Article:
"Among President Obama's priorities, Darfur has to take its place," Farrow, 64, told reporters on the Capitol campus, just after following her doctor's orders and ending her own 12-day hunger strike.
More than a dozen members of the Congressional Black Caucus appeared alongside her to announce that they, too, were taking up the "Fast for Life" campaign - going a few days at a time consuming only water - through Congress' adjournment in August.
Rep. Donald Payne, D-N.J., chairman of the House subcommittee on Africa, said he had fasted last week for three days and said the group has requested a meeting with Obama.
Farrow's hunger strike, which inspired a similar protest by Virgin Group Founder and Chairman Sir Richard Branson, began after the Sudanese government expelled international aid agencies from the country earlier this year.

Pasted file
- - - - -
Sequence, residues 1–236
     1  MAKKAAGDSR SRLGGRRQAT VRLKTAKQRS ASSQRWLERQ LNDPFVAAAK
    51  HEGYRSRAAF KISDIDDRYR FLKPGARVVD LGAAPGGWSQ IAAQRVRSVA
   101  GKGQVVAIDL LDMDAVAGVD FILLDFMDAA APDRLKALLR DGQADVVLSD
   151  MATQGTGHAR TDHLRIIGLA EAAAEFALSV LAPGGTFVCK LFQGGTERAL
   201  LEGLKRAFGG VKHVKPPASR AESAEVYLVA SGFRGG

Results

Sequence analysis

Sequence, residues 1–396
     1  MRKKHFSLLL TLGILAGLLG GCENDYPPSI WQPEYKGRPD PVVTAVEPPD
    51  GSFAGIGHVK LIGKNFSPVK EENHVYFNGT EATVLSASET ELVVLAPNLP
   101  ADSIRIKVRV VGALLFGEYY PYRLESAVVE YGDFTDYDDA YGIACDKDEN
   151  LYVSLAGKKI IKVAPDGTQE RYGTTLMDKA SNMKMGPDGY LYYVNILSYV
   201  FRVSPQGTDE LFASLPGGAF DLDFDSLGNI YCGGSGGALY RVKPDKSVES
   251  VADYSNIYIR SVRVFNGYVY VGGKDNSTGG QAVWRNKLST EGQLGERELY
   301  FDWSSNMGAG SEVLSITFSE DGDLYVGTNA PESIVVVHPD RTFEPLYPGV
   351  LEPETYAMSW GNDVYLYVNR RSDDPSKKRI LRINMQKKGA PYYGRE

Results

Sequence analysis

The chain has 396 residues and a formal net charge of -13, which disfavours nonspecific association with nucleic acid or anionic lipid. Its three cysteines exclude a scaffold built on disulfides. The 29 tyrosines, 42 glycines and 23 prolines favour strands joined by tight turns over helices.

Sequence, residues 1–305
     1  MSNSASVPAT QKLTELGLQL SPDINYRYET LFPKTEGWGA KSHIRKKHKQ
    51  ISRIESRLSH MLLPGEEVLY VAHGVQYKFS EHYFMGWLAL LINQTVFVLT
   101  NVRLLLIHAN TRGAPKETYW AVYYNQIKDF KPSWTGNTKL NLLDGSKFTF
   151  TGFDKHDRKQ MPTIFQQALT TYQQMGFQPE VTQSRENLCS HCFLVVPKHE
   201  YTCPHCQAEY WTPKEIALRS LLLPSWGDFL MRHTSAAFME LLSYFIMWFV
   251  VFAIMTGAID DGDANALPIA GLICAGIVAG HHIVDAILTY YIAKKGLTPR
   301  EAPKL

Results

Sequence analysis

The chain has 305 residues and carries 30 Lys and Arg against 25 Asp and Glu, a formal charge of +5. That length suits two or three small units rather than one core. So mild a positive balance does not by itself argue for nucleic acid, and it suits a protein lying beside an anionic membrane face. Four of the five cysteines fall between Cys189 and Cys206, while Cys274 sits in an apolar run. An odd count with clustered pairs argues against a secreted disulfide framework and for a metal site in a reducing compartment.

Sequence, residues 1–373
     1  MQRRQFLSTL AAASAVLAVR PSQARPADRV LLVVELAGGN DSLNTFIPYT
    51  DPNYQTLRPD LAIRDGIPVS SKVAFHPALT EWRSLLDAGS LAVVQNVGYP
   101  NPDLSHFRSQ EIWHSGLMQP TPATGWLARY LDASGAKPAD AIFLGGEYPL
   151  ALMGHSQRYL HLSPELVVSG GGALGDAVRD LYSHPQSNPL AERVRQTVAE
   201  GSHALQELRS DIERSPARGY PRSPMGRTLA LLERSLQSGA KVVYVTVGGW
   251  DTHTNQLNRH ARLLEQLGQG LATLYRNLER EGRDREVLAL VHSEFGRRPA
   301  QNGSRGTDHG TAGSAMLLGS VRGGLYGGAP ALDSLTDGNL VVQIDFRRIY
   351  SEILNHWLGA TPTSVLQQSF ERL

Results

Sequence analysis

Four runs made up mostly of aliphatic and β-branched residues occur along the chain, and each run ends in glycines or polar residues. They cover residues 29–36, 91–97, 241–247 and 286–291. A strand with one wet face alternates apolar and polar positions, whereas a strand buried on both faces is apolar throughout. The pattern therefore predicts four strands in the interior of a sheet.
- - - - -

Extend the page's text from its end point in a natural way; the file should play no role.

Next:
The war in Darfur began in early 2003 when rebel groups rose up against the government, complaining of discrimination and neglect. U.N. officials say up to 300,000 people have died and 2.7 million have fled their homes.